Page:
David Marshall says of the haiku sonnet:
Formally, it combines four haiku and a final two-line “couplet” consisting of seven syllable and/or five syllable lines, making 14 lines.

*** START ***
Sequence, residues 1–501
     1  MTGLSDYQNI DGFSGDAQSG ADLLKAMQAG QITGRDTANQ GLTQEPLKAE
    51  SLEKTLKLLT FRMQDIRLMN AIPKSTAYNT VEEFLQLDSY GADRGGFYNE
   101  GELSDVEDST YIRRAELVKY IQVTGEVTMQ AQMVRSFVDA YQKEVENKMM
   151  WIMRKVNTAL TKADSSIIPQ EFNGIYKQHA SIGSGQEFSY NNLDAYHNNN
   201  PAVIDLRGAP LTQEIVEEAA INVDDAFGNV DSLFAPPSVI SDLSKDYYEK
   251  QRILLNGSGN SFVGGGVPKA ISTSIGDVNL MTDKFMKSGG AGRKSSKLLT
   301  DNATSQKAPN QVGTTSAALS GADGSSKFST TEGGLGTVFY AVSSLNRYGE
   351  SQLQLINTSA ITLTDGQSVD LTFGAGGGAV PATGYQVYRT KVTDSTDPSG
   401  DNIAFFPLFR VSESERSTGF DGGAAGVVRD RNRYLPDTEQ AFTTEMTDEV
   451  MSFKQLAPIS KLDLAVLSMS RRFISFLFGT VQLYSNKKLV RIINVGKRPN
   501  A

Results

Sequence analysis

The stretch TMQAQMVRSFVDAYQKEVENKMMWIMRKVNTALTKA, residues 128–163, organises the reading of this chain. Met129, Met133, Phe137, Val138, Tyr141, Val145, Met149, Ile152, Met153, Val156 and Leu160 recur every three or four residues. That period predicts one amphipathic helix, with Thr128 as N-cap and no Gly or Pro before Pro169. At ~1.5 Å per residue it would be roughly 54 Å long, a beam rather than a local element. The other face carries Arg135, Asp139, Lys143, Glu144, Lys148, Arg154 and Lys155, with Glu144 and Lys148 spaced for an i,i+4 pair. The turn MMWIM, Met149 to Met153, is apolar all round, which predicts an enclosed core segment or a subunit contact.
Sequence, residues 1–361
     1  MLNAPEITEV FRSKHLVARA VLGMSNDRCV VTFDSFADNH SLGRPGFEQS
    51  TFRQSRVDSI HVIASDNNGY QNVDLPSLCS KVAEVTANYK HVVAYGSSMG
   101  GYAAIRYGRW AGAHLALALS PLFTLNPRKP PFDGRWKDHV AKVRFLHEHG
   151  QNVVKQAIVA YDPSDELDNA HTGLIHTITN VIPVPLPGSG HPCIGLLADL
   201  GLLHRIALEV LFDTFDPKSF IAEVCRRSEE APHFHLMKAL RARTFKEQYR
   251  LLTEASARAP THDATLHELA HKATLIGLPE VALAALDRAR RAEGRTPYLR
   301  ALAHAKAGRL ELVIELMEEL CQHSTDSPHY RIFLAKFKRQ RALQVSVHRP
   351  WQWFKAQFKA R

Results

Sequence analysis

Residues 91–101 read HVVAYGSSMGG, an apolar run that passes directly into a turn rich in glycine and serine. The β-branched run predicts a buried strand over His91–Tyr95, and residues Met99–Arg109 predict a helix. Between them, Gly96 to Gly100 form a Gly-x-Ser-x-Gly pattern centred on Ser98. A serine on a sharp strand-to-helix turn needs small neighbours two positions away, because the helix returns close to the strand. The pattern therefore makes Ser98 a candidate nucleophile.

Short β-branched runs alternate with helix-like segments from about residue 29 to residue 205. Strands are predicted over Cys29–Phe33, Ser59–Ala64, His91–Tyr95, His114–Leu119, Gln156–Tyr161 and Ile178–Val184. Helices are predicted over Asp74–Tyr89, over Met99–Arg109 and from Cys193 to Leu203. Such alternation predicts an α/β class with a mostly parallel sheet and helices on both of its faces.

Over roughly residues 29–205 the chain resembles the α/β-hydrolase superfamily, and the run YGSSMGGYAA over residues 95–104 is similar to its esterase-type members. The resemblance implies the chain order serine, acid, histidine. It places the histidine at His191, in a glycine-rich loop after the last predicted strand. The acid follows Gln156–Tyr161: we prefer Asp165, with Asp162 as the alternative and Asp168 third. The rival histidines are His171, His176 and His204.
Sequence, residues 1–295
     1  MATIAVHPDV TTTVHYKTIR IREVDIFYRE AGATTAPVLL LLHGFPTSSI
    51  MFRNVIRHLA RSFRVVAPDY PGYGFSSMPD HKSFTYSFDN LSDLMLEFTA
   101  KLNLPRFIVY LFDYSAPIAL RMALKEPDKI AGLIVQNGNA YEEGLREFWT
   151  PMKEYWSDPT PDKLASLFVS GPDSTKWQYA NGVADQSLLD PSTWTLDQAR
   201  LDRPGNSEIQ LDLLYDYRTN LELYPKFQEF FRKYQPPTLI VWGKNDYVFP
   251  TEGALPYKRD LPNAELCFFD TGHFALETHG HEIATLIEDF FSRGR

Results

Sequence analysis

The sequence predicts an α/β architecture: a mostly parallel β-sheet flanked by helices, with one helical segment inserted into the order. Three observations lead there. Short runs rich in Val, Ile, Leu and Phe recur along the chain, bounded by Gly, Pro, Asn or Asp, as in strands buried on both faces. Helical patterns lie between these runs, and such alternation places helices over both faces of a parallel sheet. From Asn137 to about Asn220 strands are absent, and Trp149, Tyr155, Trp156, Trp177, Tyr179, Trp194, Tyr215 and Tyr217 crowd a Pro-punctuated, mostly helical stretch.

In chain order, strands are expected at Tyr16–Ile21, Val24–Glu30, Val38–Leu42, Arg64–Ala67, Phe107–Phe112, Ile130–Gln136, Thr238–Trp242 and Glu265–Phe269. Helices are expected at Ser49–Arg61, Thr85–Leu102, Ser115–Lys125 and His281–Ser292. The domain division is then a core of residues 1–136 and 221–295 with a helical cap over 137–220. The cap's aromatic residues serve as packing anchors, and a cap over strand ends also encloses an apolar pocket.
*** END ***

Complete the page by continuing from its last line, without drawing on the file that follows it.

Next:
Conceptually, it’s an attempt to wed two like and unlike forms. To me, the sonnet seems the quintessential western poetic form, defined by the order and rationality of its problem-resolution organization. Depending how you see it, the haiku might be just as organized—haiku certainly have strong rules and conventions. Because haiku can rely, just as a sonnet does, on a sort of reversal—a “volta” in sonnets, a “kireji” in haiku—they may be distant cousins. However, haiku are eastern, and, where sonnets are rational, haiku are resonant. Where sonnets solve—or attempt to solve—haiku observe.